There are reports of 107 people having contracted measles from 21 states in the U.S. between Jan. 1 and July 14 this year, according to data monitored by the Centers For Disease Control And Prevention (CDC).

CDC recorded 107 cases of measles in Arkansas, California, Connecticut, Florida, Illinois, Indiana, Kansas, Louisiana, Maryland, Michigan, Missouri, Nevada, New Jersey, New York, North Carolina, Oklahoma, Oregon, Pennsylvania, Tennessee, Texas, Washington and the District of Columbia, meaning it is on course to become one of the worst years for the disease in the last decade.

Hundred and eighteen cases of measles were recorded in the U.S. in 2017 and 86 in 2016. However, the worst year in recent history was in 2014 when 667 cases from 27 states were reported to the CDC.

“Patients are considered contagious from four days before the rash appears to four days after the rash appears,” Rachael Lee, assistant professor in the division of infectious diseases at the University of Alabama in Birmingham, told Health. “That’s one reason we’re so concerned about the spread of the virus, because patients are contagious prior to actually having the classic rash we’re used to seeing.”

Measles is a contagious disease caused by an airborne virus, which spreads through the infected person’s cough or sneeze. While it is rare in the United States, it is still a common disease in places like Europe, Asia, the Pacific, and Africa.


According to the CDC, the symptoms for measles typically show up after seven to 14 days of a person being affected. Some of the early symptoms include high fever, cough, runny nose (coryza), and red, watery eyes (conjunctivitis).

Two or three days after the first signs of the disease is noticed, tiny white spots (Koplik spots) can be observed inside the patient’s mouth. A rash or flat red spots starts to appear on different parts of the body, starting from the face at the hairline and spreading downward to the neck, trunk, arms, legs, and feet, after three to five days.

As soon as the rash shows up on one’s body, the fever spikes to more than 104 degrees Fahrenheit. However, within two to three weeks, the rash fades and the fever subsides.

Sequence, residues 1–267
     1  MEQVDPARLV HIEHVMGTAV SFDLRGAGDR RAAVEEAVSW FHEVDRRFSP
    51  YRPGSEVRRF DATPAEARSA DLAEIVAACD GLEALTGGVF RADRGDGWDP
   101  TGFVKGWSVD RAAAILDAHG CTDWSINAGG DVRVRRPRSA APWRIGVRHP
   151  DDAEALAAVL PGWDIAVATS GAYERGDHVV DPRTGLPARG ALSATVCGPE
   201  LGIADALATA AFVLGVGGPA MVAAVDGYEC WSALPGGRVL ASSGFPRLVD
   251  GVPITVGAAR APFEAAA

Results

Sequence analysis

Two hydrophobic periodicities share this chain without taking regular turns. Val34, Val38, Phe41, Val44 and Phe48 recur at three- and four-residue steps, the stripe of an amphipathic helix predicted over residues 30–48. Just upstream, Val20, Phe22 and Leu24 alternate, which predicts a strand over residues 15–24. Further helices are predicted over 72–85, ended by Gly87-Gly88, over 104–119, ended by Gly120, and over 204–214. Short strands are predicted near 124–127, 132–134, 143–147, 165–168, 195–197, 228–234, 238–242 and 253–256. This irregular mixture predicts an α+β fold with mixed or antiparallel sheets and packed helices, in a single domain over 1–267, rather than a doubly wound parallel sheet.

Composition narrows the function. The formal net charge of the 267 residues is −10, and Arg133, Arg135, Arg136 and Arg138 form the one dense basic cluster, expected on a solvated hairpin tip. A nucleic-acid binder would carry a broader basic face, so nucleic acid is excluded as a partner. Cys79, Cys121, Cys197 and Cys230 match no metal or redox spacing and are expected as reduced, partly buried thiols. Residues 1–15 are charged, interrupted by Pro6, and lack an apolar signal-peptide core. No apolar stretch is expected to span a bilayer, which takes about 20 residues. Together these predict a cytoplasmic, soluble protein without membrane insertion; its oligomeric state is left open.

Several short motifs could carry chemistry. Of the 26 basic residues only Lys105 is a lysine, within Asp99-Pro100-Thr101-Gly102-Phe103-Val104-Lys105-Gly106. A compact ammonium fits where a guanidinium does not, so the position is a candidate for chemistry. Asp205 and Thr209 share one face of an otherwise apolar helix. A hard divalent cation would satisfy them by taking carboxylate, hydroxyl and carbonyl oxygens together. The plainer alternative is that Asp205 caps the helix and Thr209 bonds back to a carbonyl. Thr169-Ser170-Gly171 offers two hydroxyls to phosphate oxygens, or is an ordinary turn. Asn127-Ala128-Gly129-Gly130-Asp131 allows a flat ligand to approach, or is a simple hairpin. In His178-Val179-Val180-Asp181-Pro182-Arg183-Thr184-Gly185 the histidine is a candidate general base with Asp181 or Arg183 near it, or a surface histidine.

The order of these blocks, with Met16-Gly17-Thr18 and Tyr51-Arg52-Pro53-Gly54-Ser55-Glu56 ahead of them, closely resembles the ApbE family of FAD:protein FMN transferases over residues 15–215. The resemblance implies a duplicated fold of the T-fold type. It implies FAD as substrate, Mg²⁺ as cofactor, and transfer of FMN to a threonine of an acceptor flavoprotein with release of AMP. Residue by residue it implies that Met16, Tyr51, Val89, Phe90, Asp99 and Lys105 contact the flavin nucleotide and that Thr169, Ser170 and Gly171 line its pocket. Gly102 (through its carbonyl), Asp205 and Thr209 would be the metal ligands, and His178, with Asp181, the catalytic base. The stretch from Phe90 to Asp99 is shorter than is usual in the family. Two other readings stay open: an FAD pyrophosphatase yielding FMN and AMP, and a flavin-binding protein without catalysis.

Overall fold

While measles normally gets cured without any special treatment, it can cause serious health complications, especially in children younger than 5 years of age. What’s frightening is the fact that there is no way to predict the severity of the disease after a child contracts it.

One in four people in the U.S. who get measles are hospitalized. Similarly, one out of every 20 children with measles gets pneumonia, which is the most common cause of death from measles in kids. On the other hand, one out of every 1,000 children infected with measles develops encephalitis (swelling of the brain) that can lead to convulsions and can leave the child deaf or intellectually disabled.

Some of the other complications that can arise due to measles are ear infections, resulting in permanent hearing loss and diarrhea.

Pregnant women, who are infected by measles, can give birth to a premature child or a low-birth-weight baby.


One of the most effective ways parents can keep their children safe from measles is to get them vaccinated. The measles-mumps-rubella (MMR) vaccine provides long-lasting protection against all strains of measles. The first dose of the vaccine is administered at 12 through 15 months of age, while the second dose is taken at four through six years of age.

While one dose of MMR is about 93 percent effective in preventing measles, two doses are about 97 percent effective.

107 people contracted measles from 21 states in the United States, between Jan. 1 and July 14 this year. In this photo, an incoming kindergartner reacts to a Measles, Mumps and Rubella vaccination (MMR) as his father tries to comfort him in Santa Ana, California, Aug. 26, 2002. Getty Images/ David McNew

Most of the 107 people reported to have contracted the disease in 2018, were unvaccinated. “A lot of people unfortunately have incorrect information about the measles vaccine, because past research articles have implicated it as a cause of autism,” Lee said. “Those articles have been completely disproven, and pediatricians are 100% behind getting the MMR vaccine and other vaccines.”